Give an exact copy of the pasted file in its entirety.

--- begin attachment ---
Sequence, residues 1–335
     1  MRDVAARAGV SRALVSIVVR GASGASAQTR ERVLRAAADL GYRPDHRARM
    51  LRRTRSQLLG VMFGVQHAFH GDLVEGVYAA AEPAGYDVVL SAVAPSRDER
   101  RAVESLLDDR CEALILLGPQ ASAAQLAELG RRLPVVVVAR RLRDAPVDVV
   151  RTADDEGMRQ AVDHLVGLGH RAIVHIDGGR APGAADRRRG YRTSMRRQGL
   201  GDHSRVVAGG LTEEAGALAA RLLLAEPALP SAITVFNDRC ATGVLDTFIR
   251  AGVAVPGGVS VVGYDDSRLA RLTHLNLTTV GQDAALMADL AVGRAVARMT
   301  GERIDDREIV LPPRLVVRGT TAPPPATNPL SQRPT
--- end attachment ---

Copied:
Sequence, residues 1–335
     1  MRDVAARAGV SRALVSIVVR GASGASAQTR ERVLRAAADL GYRPDHRARM
    51  LRRTRSQLLG VMFGVQHAFH GDLVEGVYAA AEPAGYDVVL SAVAPSRDER
   101  RAVESLLDDR CEALILLGPQ ASAAQLAELG RRLPVVVVAR RLRDAPVDVV
   151  RTADDEGMRQ AVDHLVGLGH RAIVHIDGGR APGAADRRRG YRTSMRRQGL
   201  GDHSRVVAGG LTEEAGALAA RLLLAEPALP SAITVFNDRC ATGVLDTFIR
   251  AGVAVPGGVS VVGYDDSRLA RLTHLNLTTV GQDAALMADL AVGRAVARMT
   301  GERIDDREIV LPPRLVVRGT TAPPPATNPL SQRPT